Janell Lewis went from ‘Teaching Teddy Bears’ to ‘Teaching Teachers’

by Latricia C. Wilson | Originally published on November 27th, 2016 in the Chicago Rises blog

While dozens of teachers have abandoned their mission to educate youth in Gary, Indiana, one South Side Chicago native is challenging students and teachers to be great in a community that thousands of people have left. The birthplace of pop idol Michael Jackson is now a place where hundreds of youth cannot leave and who aren’t sure if anyone will ever know their names.  

Master Teacher at 21st Century Charter School in Gary, Janell Lewis, says she wants to make sure her students know how important they are even if no one else tells them. “I want them to understand that greatness is different for everybody and even though their daddy wasn’t nothing or their momma wasn’t nothing and family may not be nothing, that doesn’t necessarily impose upon them that they will be nothing,”

Lewis who was raised by her mother and grandmother in Hyde Park, once home to former famous Chicago residents, Muhammad Ali, Hugh Hefner, Harold Washington and Barack Obama, was constantly being pushed to become someone great. “Education was not an option in our house,” Lewis said. “It is what we do.” Lewis’s older sister and younger brother were only allowed to watch television on Fridays and Saturdays.” We had homework so we would do what the teacher sent us home with, and my grandmother would have extra assignments for us to do at the house,” she said.  

Her mother allowed her to participate in activities that would help grow Lewis’ character. She said her family attended church services three times a week. Lewis said that she, her brother and sister were only allowed to play sports that would develop them as individuals. She did ballet, basketball, swimming, and volleyball.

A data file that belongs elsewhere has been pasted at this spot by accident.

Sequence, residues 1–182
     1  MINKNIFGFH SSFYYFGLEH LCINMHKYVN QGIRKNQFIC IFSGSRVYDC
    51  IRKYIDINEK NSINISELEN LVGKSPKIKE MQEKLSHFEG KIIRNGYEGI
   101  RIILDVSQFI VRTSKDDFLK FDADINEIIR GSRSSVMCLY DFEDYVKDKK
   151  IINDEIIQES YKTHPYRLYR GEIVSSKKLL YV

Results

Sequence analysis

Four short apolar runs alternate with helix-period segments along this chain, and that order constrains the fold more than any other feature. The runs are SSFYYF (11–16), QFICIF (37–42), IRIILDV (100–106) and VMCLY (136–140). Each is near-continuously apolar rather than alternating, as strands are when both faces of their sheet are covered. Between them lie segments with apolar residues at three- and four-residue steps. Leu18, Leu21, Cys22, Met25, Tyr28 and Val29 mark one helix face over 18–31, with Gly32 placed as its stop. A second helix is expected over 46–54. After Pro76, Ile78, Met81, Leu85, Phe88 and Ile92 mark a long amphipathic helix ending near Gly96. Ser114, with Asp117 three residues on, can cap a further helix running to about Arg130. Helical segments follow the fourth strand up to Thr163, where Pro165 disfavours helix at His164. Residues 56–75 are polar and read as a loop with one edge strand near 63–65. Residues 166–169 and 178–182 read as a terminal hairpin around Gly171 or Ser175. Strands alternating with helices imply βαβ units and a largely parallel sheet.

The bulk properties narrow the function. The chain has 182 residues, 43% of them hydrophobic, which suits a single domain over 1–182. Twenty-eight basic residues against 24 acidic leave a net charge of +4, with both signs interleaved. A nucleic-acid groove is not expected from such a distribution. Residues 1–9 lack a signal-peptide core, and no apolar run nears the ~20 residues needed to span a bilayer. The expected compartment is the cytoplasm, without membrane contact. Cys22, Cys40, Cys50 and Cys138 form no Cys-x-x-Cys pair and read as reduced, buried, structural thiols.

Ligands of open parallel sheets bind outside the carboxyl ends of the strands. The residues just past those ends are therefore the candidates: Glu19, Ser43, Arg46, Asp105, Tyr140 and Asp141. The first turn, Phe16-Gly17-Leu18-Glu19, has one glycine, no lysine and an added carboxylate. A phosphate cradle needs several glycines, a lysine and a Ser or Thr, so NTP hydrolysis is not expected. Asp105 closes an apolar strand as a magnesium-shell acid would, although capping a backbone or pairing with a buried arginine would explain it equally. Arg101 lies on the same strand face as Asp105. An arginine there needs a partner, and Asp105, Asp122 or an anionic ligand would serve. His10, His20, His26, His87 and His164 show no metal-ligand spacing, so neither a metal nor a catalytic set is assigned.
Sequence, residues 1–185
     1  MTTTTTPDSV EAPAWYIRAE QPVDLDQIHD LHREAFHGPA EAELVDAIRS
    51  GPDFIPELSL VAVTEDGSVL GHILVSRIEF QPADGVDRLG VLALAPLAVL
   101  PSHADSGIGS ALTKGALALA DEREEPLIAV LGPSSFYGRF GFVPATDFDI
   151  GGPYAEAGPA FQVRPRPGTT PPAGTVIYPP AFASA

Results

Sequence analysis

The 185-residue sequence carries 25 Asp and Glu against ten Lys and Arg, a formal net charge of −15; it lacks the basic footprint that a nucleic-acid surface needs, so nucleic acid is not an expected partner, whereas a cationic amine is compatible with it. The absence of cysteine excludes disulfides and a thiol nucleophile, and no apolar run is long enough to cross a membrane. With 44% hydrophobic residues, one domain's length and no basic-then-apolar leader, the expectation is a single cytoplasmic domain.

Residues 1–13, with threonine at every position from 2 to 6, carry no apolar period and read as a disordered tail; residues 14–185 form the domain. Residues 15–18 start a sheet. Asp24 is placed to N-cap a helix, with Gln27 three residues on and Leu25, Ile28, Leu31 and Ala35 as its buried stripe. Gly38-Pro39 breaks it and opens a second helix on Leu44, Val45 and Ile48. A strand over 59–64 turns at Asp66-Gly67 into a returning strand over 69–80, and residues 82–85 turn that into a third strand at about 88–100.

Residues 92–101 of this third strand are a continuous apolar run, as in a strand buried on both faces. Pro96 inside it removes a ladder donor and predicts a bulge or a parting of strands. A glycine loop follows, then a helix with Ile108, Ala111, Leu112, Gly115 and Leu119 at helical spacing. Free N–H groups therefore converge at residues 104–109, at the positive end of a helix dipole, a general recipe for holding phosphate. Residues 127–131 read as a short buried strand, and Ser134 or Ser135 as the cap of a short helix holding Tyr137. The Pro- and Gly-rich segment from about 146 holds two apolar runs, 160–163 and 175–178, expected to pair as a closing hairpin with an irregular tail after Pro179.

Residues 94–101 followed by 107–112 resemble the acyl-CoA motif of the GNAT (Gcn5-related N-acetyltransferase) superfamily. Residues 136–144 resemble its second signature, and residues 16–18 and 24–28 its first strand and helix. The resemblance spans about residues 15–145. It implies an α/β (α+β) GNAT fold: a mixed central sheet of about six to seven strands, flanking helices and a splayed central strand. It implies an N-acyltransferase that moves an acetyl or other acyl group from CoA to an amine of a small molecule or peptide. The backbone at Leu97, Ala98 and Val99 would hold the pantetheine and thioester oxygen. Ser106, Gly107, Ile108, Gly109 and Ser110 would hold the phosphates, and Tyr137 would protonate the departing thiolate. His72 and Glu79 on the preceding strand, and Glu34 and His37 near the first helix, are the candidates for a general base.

The absence of Lewis father being in their home did not interfere with their progress. Currently, her sister is a lawyer and her brother is a clinical psychologist. Lewis said, “clearly whatever plan that they [mother and grandmother] had worked because none of us have been to jail and we are all pretty successful.”


Lewis’s journey towards greatness began ever since she learned how to read. When she was a child she desired to become a teacher. “I use to teach my teddy bears, my next door neighbors, and cousins.” she said. “I had the teacher manual and I use to correct my friend’s papers.” 

Rigorous Catholic schools Lewis attended from elementary through graduate school prepared her to become a skilled educator. The Latin School of Chicago high school, located in the Gold Coast neighborhood on the North Side of Chicago played a big role in preparing Lewis for college and teaching.  While attending the Latin School, she got involved with the HighSight Program. The HighSight scholarship Program is a nonprofit organization that helps low income students with college readiness and leadership development. “That was the place that took me to every college I ever visited, the University of Notre Dame, The University of Chicago, Northwestern University, and all over Indiana and Illinois,” Lewis said. “They also paid and taught me how to take a standardized test, so that’s why my SAT and ACT scores were really high.”